[Review] Konom – Konom

Konom is a Progressive Rock band with an Heavy touch from Manchester, UK born from the ashes of the instrumental band Ascent that released an EP before they added a singer to the lineup and released a full-lenght in 2015. After some lineup changes also the band name changed in Konom and begin to forge their personal sound, a mix between Rock and Metal with a marked Progressive touch, a modern and fresh interpretation with influences from the ’70s. Their self-released debut album titled “Konom” published on February 26, 2021 contain 3 long tracks and an epic suite divided into 5 acts, available on CD and Digital with a beautiful artwork cover. The album opens with a long track of over 10 minutes entitled “A Welcome Change” which begins with a background of atmospheric noises and then gives life to the main theme. Massive guitar riffs and a solid rhythm session with purely Prog Rock sounds and a vocal with personal characters. The intensity increases with the passing of the minutes, as well as the tempo changes embellish the song, while the vocal evolutions are another strong point of their sound. A modern and personal interpretation of those elaborate sounds that characterize the genre, with forays into Heavy, but with a strong Progressive connotation. An engaging and high-impact track, which immediately shows the remarkable compositional technique and a flawless execution, immediately catapulting us with pleasure into that sound world so dear to us. Follows “Birotunda” characterized by a choral intro on a carpet of acoustic guitar and keyboards, giving life to a dreamy atmosphere, which soon returns to the Heavy sounds of the band. The mixture between keyboards and guitars denotes a complicity between the instruments of exquisite workmanship, while the singing offers another proof of character with an original and very personal vocal imprinting. Here too the tempo changes that play on sudden accelerations and softer openings take the sound to another level, while the guitar and keyboards offer well-executed intertwined solos. The individual technique at the service of the group also shows some virtuous traits but never an end in itself, another impactful piece that keeps the sound at a high level, enhancing composition and execution. The third track “As the Waters Rise” exceeds 9 minutes, and begins with drum rolls and guitar riffs and then opens up developing a theme close to the 70s sounds of Prog. The orchestral keyboard mats certainly give an extra touch to the song, which alternates dark and heavy passages with more harmonious openings, highlighting the more Metallic side of the band. The ease with which the band switches from one style to another makes the song very enjoyable, unpredictable and smooth. The vocal is well suited to the song, with a very passionate and refined interpretation, while the real protagonists are the intertwining between the keyboards and the guitar. Elaborate but at the same time with passages that remain in mind that entice you to hum them, while the solo parts add quality. We have arrived at the backing column of the disc, a long suite of over 20 minutes divided into 5 acts, the first of which is “The Great Harvest: I. Epiphany.” An acoustic and piano guitar arpeggio that soon turns into an elaborate Prog Metal song that shows the heavier and darker side of the band’s sound. However, alternating more melodic and soft openings, always very well elaborated and full of tempo changes, even the rhythmic session guides the various passages to perfection. The guitar here is the great protagonist and guides us towards the second part “The Great Harvest: II. Dilate My World” where in the initial part the calm returns with orchestrations in the background and a piano on which a very warm and expressive vocal is inserted. More Rock in this passage, but always with strong Progressive connotations, with a musical crescendo that manifests itself both in the vocal and in the music. Developing a track by touching and mixing multiple styles with ease is a virtue and the band proves to be at ease in passing from more symphonic moments to other powerful and heavy, also inserting solo passages of fine workmanship. The shorter section of this epic track “The Great Harvest: III. Mutating Light” that kicks off loud with an accelerated rhythm session and powerful guitar riffs, while becoming more intricate with vocal input. Despite its short duration, it is a concentrate of symphonies and power at the service of the listener who will surely be struck by the pleasantness of the passages and how they were linked to each other. So we come to the longest part of the suite “The Great Harvest: IV. Reflections” which connects to the previous one with a deep and captivating bassline and drum. The vocal enters and gives that touch of pathos that embellishes the whole, the more I listen to it and I realize how much research there is behind this work, and how precise and well studied the sung parts are. With the increase in intensity, the band lets itself go to sound halfway between Deep Purple and modern Prog Metal, in the best sense of the term, as the band has its own well-defined personal characteristics. In the second part of the track there is room for a foray into Metal and a delightful instrumental section that cuts across multiple genres, where they perform in solos intertwined between fine guitar and keyboards. The album closes the last part of the suite “The Great Harvest: V. Heedless Breath” which connects with a massive riff to the previous one, continuing the instrumental musical discourse while maintaining high intensity. Here, too, the mix between keyboards and guitar mixes the classic with the modern, with a pulled guitar solo that is followed by a keyboard solo. The melodies are positive and the tempo changes continue, while returning to the main theme of the suite the vocal enters and the sound takes on the connotations of a ‘grand finale.’ The track and the album end with an intense section and then close with a piano arpeggio on an orchestral background. A very impactful debut, where the band showcased many well developed and executed ideas, passing from one style to another with ease. The quality permeates this work, remaining constant throughout the duration, where the sound intertwining created by the complicity between guitar and keyboards, a solid rhythmic session and a vocal with very personal characters work very well. The malgamation that is created by the fusion of several elements, genres and styles is winning, giving life to a record that combines the influences of the past and the modern with a distinctive personal character worthy of note. Lovers of more Heavy Progressive sounds will certainly be impressed positively, but I am convinced that as heard here they will also be able to hit listeners of various types, both in the Prog and Metal fields. As they say ‘good the first,’ it will be very interesting to see the developments of this band that has certainly impressed me positively and that it will be equally interesting to listen live, technique and ideas are not lacking.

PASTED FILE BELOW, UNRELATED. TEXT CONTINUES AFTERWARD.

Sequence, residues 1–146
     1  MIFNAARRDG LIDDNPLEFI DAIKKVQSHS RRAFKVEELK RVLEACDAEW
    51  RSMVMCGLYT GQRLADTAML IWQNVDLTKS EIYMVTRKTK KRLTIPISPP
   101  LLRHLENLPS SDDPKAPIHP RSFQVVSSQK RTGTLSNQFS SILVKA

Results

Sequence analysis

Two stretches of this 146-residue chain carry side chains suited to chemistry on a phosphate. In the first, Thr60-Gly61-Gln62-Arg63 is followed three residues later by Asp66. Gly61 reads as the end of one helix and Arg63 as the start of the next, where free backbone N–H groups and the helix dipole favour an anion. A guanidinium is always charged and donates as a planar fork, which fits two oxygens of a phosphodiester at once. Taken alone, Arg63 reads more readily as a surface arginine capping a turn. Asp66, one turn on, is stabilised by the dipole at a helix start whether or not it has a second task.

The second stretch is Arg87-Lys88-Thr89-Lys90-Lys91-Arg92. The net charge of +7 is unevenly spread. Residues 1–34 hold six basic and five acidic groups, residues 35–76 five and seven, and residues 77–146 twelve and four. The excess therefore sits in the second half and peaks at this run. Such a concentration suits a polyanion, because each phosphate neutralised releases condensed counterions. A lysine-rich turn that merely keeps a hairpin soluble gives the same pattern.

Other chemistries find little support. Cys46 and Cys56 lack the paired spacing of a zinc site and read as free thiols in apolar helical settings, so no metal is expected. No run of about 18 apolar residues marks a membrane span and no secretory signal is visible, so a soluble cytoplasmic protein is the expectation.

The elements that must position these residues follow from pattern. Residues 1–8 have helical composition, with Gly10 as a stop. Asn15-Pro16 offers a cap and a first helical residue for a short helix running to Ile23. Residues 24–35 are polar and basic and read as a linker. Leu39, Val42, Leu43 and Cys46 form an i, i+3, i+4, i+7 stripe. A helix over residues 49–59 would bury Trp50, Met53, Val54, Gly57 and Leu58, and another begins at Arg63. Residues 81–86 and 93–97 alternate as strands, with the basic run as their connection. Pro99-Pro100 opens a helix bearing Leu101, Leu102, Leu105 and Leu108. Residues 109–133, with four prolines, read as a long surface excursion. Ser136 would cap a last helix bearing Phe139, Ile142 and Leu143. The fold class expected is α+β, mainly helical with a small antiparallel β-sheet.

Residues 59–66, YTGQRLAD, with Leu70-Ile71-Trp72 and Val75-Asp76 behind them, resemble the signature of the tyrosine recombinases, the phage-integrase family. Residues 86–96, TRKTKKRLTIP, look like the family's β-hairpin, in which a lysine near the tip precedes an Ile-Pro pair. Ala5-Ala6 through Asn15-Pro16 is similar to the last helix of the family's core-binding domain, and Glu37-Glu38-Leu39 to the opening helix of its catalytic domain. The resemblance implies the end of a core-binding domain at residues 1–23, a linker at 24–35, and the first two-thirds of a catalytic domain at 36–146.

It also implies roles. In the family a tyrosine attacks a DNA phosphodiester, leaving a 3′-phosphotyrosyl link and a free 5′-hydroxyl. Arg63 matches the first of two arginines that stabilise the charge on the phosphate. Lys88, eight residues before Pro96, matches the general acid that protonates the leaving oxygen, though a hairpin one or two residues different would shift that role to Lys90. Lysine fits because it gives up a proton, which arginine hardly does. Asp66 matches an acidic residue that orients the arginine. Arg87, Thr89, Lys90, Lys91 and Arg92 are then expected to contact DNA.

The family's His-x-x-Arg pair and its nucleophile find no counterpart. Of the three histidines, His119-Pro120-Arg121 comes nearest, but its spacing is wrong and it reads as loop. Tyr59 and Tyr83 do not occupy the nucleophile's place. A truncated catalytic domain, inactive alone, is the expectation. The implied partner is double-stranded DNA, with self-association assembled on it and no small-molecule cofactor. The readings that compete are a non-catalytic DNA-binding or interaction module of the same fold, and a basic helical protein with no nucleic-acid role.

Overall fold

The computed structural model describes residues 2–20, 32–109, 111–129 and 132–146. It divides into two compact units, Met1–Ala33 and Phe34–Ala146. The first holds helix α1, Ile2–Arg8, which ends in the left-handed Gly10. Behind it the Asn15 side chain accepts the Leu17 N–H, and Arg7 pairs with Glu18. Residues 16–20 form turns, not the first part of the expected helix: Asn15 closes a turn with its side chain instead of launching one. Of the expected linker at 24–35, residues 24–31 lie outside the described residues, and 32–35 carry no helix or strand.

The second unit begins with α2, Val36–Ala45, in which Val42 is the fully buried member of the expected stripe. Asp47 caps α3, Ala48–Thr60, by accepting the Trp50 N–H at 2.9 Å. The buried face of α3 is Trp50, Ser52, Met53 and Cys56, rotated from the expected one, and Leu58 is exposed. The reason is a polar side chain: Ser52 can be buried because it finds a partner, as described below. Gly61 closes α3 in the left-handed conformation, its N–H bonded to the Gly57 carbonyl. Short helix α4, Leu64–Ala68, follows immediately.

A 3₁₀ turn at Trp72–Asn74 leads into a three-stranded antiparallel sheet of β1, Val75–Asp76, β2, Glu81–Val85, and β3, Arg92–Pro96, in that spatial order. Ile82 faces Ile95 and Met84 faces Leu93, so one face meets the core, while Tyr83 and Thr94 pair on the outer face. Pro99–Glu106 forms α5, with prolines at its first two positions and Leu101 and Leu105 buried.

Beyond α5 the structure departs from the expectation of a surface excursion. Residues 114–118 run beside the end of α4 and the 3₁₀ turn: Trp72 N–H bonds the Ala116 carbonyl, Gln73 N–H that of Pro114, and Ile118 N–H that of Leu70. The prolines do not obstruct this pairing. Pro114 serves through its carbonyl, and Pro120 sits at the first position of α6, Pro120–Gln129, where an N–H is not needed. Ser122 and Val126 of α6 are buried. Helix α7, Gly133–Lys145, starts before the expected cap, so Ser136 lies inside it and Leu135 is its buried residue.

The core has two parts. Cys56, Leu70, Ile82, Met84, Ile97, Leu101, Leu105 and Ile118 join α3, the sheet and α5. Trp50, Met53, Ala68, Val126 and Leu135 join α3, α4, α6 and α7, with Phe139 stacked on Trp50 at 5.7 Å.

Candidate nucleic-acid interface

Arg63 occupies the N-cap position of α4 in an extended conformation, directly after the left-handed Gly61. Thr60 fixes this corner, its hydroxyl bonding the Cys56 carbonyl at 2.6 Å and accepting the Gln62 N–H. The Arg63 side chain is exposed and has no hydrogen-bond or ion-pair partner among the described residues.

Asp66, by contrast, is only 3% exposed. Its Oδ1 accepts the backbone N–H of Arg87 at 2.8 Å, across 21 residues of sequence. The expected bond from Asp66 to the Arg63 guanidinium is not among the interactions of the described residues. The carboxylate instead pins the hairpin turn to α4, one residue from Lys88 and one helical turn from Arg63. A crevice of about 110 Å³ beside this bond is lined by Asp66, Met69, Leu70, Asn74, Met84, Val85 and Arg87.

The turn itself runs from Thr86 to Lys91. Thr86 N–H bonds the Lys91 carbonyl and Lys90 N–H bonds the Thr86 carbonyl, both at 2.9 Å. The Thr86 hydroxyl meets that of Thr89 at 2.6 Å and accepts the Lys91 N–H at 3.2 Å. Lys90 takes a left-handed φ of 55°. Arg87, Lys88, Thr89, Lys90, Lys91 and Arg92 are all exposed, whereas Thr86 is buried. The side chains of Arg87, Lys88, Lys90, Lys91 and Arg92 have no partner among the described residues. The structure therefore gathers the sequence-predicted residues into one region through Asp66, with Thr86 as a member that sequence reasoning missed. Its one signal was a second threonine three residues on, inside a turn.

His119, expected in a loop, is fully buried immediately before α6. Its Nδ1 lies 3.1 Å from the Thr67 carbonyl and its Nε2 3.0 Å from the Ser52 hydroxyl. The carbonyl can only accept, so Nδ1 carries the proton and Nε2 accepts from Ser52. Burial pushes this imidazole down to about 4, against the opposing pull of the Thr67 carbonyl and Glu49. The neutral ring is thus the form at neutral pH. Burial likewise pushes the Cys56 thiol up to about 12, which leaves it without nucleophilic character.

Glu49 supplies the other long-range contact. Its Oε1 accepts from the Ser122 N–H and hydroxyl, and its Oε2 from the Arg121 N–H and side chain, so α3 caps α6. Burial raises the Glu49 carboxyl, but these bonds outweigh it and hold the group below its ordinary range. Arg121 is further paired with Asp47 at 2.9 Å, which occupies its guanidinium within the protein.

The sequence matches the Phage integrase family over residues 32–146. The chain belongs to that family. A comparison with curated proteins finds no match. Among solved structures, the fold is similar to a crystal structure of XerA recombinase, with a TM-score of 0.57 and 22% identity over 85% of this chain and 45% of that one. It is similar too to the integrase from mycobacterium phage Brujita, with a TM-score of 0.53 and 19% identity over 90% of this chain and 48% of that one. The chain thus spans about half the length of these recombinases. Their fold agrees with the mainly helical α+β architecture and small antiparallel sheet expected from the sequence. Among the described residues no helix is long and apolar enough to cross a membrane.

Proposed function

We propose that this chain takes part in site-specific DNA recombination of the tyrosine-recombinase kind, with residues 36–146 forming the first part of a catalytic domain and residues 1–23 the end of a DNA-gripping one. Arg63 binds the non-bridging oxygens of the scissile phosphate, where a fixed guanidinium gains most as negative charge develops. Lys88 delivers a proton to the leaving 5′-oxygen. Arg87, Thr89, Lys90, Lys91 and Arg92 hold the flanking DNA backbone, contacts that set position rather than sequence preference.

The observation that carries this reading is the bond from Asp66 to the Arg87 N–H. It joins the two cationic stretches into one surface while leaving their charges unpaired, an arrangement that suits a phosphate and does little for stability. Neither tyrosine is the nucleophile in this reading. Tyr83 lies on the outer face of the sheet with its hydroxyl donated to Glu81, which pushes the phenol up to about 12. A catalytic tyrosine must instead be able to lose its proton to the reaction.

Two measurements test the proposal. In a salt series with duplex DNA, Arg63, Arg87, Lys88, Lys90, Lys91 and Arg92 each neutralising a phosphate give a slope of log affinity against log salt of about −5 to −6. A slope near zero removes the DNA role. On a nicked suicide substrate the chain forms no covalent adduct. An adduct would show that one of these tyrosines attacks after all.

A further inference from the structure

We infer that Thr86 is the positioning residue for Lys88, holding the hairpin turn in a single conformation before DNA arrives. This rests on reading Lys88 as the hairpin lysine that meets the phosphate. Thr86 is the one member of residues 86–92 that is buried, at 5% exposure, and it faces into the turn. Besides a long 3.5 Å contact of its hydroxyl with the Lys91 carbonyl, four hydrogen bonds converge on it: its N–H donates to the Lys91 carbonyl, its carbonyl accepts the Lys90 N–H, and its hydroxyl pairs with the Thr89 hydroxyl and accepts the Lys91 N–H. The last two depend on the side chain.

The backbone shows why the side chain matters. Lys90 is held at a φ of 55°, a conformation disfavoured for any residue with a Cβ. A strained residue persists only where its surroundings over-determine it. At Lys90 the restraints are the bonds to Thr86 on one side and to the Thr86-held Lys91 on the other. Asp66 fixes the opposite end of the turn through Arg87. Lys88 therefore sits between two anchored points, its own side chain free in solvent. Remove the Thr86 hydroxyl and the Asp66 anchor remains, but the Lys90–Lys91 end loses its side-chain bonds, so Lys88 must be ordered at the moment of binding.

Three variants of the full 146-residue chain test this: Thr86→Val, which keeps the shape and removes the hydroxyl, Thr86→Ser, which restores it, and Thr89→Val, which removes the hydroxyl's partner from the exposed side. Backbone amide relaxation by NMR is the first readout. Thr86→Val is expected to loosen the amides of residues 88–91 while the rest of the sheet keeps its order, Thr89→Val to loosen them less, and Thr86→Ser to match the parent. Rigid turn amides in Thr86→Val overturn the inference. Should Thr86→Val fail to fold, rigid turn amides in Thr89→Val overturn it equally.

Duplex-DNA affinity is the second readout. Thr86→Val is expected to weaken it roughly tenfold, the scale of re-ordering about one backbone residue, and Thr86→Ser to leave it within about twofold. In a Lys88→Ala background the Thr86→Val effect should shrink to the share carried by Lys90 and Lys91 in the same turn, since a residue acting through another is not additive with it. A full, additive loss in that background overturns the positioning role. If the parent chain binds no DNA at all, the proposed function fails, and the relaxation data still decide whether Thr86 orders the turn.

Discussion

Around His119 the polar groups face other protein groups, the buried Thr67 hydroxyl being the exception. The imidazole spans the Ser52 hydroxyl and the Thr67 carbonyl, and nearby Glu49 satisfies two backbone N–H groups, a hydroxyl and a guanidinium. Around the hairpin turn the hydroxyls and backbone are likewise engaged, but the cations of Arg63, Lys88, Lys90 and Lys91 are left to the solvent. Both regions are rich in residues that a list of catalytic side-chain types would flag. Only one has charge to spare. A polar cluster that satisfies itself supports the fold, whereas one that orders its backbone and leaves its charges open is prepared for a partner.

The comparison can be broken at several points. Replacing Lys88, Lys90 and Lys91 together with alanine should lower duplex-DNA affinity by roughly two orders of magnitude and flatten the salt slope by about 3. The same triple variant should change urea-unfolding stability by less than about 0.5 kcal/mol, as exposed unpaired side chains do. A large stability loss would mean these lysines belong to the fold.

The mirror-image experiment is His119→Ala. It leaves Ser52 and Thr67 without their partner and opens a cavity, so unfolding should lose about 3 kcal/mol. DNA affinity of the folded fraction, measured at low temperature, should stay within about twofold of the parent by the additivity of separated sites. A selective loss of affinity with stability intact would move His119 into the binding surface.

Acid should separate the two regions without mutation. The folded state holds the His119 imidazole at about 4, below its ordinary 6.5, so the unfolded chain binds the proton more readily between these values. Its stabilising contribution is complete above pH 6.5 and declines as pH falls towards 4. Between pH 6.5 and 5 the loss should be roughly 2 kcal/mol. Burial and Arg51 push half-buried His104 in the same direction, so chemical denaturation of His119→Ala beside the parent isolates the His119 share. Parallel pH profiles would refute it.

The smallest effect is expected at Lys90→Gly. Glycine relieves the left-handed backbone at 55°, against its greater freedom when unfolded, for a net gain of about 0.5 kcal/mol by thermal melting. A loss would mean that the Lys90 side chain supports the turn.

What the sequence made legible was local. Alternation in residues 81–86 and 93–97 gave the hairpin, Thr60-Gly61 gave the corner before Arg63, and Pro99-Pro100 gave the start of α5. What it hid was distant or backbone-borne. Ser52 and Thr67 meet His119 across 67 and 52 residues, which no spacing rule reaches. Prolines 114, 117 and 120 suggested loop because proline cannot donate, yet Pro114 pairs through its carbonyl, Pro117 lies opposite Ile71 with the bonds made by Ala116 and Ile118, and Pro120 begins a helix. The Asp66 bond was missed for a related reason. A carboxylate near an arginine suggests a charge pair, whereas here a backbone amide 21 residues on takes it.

01.A Welcome Change10:35
02. Birotunda7:20
03.As the Waters Rise9:34
04.The Great Harvest: I. Epiphany3:54
05.The Great Harvest: II. Dilate My World5:41
06.The Great Harvest: III. Mutating Light2:40
07.The Great Harvest: IV. Reflections6:50
08.The Great Harvest: V. Heedless Breath5:24


Arya BobaieLead Vocals
Benjamin EdwardsBass Guitar
Tom RiceDrums
Dan WhiteGuitars & Backing Vocals
Jonathan WorsleyKeyboards & Orchestration

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Author: Jacopo Vigezzi